Mike Mullins ’87, FACHE began his journey in health care somewhat by happenstance. While a junior at the University of Texas at El Paso and working part time at a private school for children with learning disabilities, a teacher there encouraged him to look into health care administration as a possible career. The following year, while working at the snack bar at the Coronado Country Club, a member happened to inquire about his post graduation plans. When he mentioned he was thinking about health care administration, she introduced him to her husband, Bill Poteet ’70, FACHE, who generously spent time telling Mike about the industry and “most importantly, told me about the Trinity HCAD program.”
Trinity’s program gave him access to a “tremendous residency at Baptist Health System” in San Antonio which, in turn, spawned a world of opportunities. “The residency opens the door,” he says. “The rest is up to us to walk through it and do the work.”
At Baptist, Mike received “invaluable support” from his preceptor, David Garret, and the administrative team. His first real supervisor was Trinity HCAD alumnus Dan Brown ’83 whose “values of hard work and concepts of physician relationships and service have stuck with me through the years.”
Those years have included positions with Quorum which he saw through the merger with Triad Hospitals and subsequently, the final acquisition by Community Health Systems (CHS). Along the way, he was fortunate to have exceptional mentors. “I stress the importance of mentors because these professionals embody what we are supposed to do to cultivate talent,” he explains. Mike was particularly impressed with the philosophies of Bill Anderson, Mike Parsons and Denny Shelton “who had mastered the art of physician relationships.”
As his career progressed, Mike enjoyed increasing responsibilities and assignments in larger hospitals. With CHS, he had the opportunity to enter multi-facility leadership and ended his tenure there as Regional Vice President with Quorum, supporting not-for-profit hospitals in Colorado.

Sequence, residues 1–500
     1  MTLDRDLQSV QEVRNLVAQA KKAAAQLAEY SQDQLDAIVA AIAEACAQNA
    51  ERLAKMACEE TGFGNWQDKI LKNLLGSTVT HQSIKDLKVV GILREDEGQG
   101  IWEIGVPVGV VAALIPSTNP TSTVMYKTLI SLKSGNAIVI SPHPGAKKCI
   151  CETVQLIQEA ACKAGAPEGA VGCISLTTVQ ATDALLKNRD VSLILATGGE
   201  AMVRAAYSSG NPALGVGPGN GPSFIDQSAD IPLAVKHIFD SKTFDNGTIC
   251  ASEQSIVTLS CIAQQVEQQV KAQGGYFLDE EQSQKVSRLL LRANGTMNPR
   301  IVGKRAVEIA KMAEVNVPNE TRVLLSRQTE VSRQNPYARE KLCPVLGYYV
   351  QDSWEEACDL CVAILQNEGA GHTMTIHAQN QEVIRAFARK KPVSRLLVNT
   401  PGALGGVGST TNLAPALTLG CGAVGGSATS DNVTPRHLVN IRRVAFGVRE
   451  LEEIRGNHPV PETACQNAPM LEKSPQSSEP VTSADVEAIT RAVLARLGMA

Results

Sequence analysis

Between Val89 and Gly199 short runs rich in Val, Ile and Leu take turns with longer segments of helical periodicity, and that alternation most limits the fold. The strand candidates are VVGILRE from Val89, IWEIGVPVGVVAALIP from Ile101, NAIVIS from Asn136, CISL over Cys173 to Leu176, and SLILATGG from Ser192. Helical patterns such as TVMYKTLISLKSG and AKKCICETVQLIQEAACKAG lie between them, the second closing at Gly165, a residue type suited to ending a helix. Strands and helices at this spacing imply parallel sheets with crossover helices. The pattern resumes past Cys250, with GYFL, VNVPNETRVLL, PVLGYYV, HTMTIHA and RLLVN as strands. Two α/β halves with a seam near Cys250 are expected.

Three years ago, Mike joined Ascension in the Indiana Ministry and was later promoted to Senior Vice President and serves as Ministry Market Executive, CEO for the Kansas Ministry. While leading and supporting the clinically integrated delivery system in Kansas, Mike is responsible for strategic direction, a budget in excess of $1 billion and 8,000 employees. He also spends considerable time on political action and legislation. Like many in the industry, Mike is facing the significant challenge of how to continue serving the poor and vulnerable in an era of rapidly declining reimbursement. “It forces the hard decisions to be made faster but still with compassion,” he says. With pressure magnified compared to former eras, he says, “We deal with it by showing up and leading our teams through tough times.”
No stranger to tough times, Mike says his proudest accomplishment has to do with “the other side of my life.” Simultaneous with his career in health care, Mike spent 32 years in the Reserves, 27 of them as a Naval Officer. “The mobilization to Kandahar, Afghanistan and the work I had to do there has no match for anything I have done in my civilian career,” he recalls. “Completing that Navy tour of duty in a NATO environment, excelling at what needs to be done (reflective of the whole team) and doing things you never dreamed you would have to do is very impactful.”
On a happier note, Mike has been married to “a very tolerant woman” for nearly 32 years and they have two grown sons. He serves on the Newman University Board, participates in the Greater Wichita Partnership and has supported Rotary, Salvation Army and the United Way. When not working, he enjoys movies, playing basketball and, now in “my older age,” bike riding.
Despite the pressures and challenges he encounters at work, Mike loves his job and the opportunity it affords him to set the cultures for the organization he is entrusted to lead. “This combined with the privilege of service and mentoring others is very meaningful to me.”
By Mary Denny